Another student and I have been interacting about textual analysis. As you know, my students are working through a textual analysis of John 3:13. In addition to that, they each have a discourse unit from the New Testament that they are working through as an exegesis project, which will be submitted at the end of the course. I sent along this email to a student earlier:
"So, I have a few questions for you. Having done what you’ve done so far, how do you feel? Are you getting comfortable with it? Three weeks ago if someone asked you to think through a textual issue, would you have known what to do? Do you think as you teach going forward that this is something you could put into practice (knowing that you get faster as time progresses and that some issues are just irrelevant)?"
He responded:
"Wow…thanks for asking! I am getting more comfortable with it yes. I have read all the material but one article you sent us. It was very fascinating. I had no idea what all those notes on the bottom of the Greek text were for. An no I have not had any experience before with variants and textual issues. I am a little slower compared to other students so I appreciate all the help and videos. Honestly yes! This is very helpful moving forward with teaching when I come across this issues. I will need more Greek, of course, but it is nice to see that I can come to a conclusion with very little Greek!"
Now, I'm not talking about 9th grade algebra students turning into rocket scientists overnight.  But I'm glad that my students are getting this exposure to textual analysis. I'm glad that I have the opportunity to help them think through the questions that they need to be asking, and show them how to sort through the data that they have. Can they come to a conclusion after they work through the evidence? I believe that they can. Will it change over the years? It could, certainly. But the principles are not going to change. They might evaluate the evidence differently. They might decide one day that my principle of wider-geographical distribution, which I believe is a aspect of the evidence that deserves our fullest attention, might not be all that important to them. But they are working through these things, and we are laying a foundation through which every textual issue that arises in their future studies in the New Testament will be worked.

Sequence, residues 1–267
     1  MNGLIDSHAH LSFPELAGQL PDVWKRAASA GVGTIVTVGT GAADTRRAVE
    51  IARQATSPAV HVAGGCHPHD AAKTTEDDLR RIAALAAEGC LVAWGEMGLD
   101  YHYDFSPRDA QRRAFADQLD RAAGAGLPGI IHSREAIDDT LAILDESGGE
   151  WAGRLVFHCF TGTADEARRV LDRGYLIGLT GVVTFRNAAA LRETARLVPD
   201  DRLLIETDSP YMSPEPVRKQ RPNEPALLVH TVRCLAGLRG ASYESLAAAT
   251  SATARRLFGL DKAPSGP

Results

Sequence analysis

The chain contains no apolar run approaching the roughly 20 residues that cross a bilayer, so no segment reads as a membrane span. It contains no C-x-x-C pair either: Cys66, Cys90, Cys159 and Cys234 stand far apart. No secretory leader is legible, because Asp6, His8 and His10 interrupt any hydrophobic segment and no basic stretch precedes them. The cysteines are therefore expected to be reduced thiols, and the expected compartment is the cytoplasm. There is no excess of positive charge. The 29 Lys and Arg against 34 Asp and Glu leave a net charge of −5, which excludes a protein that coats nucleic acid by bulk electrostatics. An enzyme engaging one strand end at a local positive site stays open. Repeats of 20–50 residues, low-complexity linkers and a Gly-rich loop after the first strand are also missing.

By the way, this is just one step in the exegetical process that we are concentrating on in this course. Next week we'll start lexical analysis! Two weeks after that we'll hit the road running in syntactical and diagrammatical analysis. And then we'll bring it all home thinking about biblical/theological analysis and carrying what we've learned into meaningful Bible exposition.

Tuesday, December 16, 2014

More Pics From The Christmas Party





Students Are Working Through Textual Analysis

One of the more difficult steps in exegesis, simply because it is totally new to students, is none other than textual analysis. As difficult as it is, I continue to be amazed at how the students progress in this step. And let me share something with you: This is their second semester Greek course! I didn't learn anything–anything!–about textual analysis until after numerous Greek courses. Then I walked into David Alan Black's Greek course and suddenly we talked about it. Dave didn't think it was "too deep" for the average Joe to think through. He taught me, and they don't get more average than that! Textual analysis is tedious, careful work. It can make your head hurt if you're not careful. It can be confusing. But I've seen students really excel in this area. And they didn't need 70,000 credit hours of Greek to begin to start thinking about all of this.

Right now my students are working through a textual issue in John 3:13. They've already read Dave Black's treatise on textual criticism (a whopping 80 pages!) by the way. I've given them the textual apparatus at the bottom of the NA28. I've given them three charts to help them on their way as they analyze the external evidence. And once they've gone through all of the evidence that they can, they get to read Dave's article on John 3:13, available here. So, one of the students is at that point. He got there today. Here's the first email that he sent me today:
"Ok. So, I'm doing the distribution chart and have found a wide distribution for both readings. Black's analysis, however, emphatically states that the manuscripts that do not contain the disputed clause are only found in Alexandrian text type."
I was in the Christmas party, so I replied:
"Let's talk on the phone later, but this is perfect for the forum. Get the class involved."
He wrote me about an hour later:
"I'm good. . . . I distributed the church fathers...and then read that you can't really do that because they tended to move around. All my non-church father manuscripts are in Alexandrian text form."
I am thrilled to see this sort of growth. I'm confident that he is going to be able to think through textual issues as he serves in his local church for the rest of his life! And that's going to be a huge blessing to the congregation where he serves. He'll be the type of pastor that can actually answer the question from someone in a Bible study, asking, "My Bible has a note that says some manuscripts don't have this . . . ." And that's one of the reasons why textual analysis matters in this class.

Christmas Party